Morning Consult: Presidential Primaries Show Need to Solve Sustainability Solutions By Nancy Heimann
March 2, 2017
Lincoln Star Journal: Company to Evalute Turning Farm Waste Into BioCoal By Nicholas Bergin
March 2, 2017
The Biogenic C02 Coalition is an active champion for fair, science-based treatment for agricultural biomass under the Clean Air Act and other federal regulatory programs in order to grow the American bioeconomy.
The Biogenic CO2 Coalition, through its member national trade groups, represents a broad swath of agriculture and related sector constituents in advocating for sensible policies recognizing the carbon benefits of agricultural biomass.
But federal regulation currently ignores the life-cycle carbon benefits from crop‐based feedstocks, and instead treats carbon dioxide emissions from fermentation, agricultural processing, wastewater treatment, biomass combustion the same as fossil fuels. (The Biogenic CO2 Coalition focuses on feedstocks from annual herbaceous crops and does not cover issues associated with forest products or woody biomass.)
Corn Refiners Association (CRA) is the national trade association representing the corn refining (wet milling) industry of the United States. CRA and its predecessors have served this important segment of American agribusiness since 1913. Corn refiners manufacture starches, sweeteners, corn oil, bioproducts (including ethanol), and animal feed ingredients.
North American Millers’ Association (NAMA) represents millers of wheat, corn, oats and rye in the US and Canada. NAMA members take the raw grain and, through grinding and crushing, create flour and other products that are used to make such favorite foods as bread, pasta, cookies, cakes, and snack foods.
National Oilseed Processors Association (NOPA) is a national trade association that represents 13 companies engaged in the production of food, feed, and renewable fuels from oilseeds, including soybeans, sunflower seed, canola, flaxseed and safflower seed. NOPA’s member companies process more than 1.6 billion bushels of oilseeds annually at 63 plants located in 19 states throughout the country, including 57 plants that process soybeans.
National Cottonseed Products Association (NCPA) is an organization of firms and
individuals engaged in the processing of cottonseed and the marketing of cottonseed products, as
well as cottonseed. These include oil mills, refiners, product dealers and product brokers.
National Cotton Council of America (NCC) aims to ensure the ability of all U.S. cotton industry segments to compete effectively and profitably in the raw cotton, oilseed and U.S.-manufactured product markets at home and abroad. NCC serves as the central forum for consensus-building among producers, ginners, warehousers, merchants, cottonseed processors/dealers, cooperatives and textile manufacturers. The organization is the unifying force in working with the government to ensure that cotton’s interests are considered.
Founded in 1957, the National Corn Growers Association (NCGA) represents more than 40,000 dues-paying corn farmers nationwide and the interests of more than 300,000 growers who contribute through corn checkoff programs in their states. NCGA and its 48 affiliated state organizations work together to create and increase opportunities for corn growers.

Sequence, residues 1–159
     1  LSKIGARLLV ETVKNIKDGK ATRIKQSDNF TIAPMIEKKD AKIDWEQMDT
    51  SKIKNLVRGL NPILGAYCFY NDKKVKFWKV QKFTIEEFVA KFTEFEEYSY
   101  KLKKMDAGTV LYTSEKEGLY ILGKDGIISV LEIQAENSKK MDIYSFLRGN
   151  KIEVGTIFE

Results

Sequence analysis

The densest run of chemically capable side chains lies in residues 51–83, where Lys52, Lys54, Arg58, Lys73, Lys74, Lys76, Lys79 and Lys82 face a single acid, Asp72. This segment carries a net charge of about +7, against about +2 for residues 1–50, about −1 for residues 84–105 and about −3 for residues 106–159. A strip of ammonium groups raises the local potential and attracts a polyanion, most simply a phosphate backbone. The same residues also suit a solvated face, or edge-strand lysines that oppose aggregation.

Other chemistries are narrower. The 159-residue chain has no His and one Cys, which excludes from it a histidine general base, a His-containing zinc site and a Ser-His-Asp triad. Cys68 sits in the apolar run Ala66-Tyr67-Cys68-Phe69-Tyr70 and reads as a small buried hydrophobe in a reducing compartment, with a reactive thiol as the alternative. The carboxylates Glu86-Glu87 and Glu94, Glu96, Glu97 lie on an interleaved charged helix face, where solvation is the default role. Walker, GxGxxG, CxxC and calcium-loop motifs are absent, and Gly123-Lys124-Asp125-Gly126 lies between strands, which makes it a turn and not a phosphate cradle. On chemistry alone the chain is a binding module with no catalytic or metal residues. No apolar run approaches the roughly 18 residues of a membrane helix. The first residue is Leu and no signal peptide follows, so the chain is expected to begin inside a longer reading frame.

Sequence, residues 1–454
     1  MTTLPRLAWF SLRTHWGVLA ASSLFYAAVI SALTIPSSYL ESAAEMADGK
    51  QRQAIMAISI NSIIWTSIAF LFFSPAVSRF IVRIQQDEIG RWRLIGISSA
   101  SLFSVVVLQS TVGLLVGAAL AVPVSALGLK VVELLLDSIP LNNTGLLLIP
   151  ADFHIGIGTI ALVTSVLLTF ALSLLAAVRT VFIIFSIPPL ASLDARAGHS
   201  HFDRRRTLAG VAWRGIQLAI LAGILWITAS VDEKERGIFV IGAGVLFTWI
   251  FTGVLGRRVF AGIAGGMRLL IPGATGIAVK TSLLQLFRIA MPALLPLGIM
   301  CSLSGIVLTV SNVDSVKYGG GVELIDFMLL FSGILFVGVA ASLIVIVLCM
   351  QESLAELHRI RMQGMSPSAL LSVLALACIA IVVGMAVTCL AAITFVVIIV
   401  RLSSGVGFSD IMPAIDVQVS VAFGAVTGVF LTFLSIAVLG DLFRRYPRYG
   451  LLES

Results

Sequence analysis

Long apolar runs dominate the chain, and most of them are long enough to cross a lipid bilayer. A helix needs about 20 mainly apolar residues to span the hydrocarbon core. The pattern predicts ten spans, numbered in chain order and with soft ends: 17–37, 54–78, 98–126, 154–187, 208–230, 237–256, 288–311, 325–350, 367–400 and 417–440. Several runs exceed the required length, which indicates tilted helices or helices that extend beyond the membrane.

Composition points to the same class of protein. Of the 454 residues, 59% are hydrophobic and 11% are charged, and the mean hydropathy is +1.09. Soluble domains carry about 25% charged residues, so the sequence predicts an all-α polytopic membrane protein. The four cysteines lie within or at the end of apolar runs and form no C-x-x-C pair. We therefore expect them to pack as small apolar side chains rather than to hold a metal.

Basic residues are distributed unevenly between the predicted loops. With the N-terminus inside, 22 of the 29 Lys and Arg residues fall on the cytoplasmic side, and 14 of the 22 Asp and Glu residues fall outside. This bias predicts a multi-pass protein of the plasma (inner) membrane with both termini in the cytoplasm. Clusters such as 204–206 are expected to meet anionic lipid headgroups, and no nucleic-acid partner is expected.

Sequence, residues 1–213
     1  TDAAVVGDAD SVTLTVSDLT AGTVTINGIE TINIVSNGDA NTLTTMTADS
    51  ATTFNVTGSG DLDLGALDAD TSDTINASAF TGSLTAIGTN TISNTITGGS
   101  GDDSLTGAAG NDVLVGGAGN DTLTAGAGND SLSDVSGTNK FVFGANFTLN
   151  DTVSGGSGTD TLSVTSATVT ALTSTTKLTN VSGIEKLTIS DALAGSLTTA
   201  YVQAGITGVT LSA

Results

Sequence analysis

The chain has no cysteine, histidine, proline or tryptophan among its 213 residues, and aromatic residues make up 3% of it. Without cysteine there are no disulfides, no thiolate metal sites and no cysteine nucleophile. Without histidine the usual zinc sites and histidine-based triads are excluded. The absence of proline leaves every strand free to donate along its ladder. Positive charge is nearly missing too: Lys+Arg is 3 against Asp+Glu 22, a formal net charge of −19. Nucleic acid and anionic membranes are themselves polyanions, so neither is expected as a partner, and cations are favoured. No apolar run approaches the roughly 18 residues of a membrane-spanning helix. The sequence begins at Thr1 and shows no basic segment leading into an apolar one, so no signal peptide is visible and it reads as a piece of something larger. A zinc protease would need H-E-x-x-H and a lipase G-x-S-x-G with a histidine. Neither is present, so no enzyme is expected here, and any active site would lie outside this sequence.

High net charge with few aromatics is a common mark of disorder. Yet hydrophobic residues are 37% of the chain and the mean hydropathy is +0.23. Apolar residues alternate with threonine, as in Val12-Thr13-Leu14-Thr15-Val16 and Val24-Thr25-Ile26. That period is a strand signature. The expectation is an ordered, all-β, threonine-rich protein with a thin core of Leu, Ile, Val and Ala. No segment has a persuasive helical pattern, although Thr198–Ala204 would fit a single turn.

Enginuity Worldwide makes an engineered solid biomass fuel, using agricultural residues and woody wastes as the feedstocks, that can be used to co-fire with coal in power plants to produce base load energy. Using carbon neutral farm-based biomass provides an immediate carbon benefit that can help power companies comply with their GHG reduction targets.
American Farm Bureau Federation (AFBF) is an independent, non-governmental, voluntary organization governed by and representing farm and ranch families united for the purpose of analyzing their problems and formulating action to achieve educational improvement, economic opportunity and social advancement and, thereby, to promote the national well-being.
March 2, 2017
March 2, 2017
EPA regulates carbon emissions from farm crops the same as fossil fuels when crops are used by food processors like bakeries and breweries or for bioenergy. EPA is ignoring the fact that the only carbon being released from crop processing is the carbon that was already captured when the crops were grown. As part of regulating farm products, EPA also wants to decide what farming practices are considered “sustainable production.”
EPA is essentially putting an emissions tax on “biogenic” emissions from farm products. But as a farmer, you already did the hard work of growing crops that naturally absorb CO2. Every farmer and scientist knows that when carbon is released from crops, it completes the natural life cycle and doesn’t add CO2 to the atmosphere, but EPA is ignoring that fact. To extend their regulatory reach, EPA is treating these biogenic emissions the same as fossil fuels like coal, oil and natural gas. The effect will be to increase costs and hurt American agriculture.
The Biogenic CO2 Coalition wants EPA to acknowledge sound science and count biogenic emissions as carbon neutral.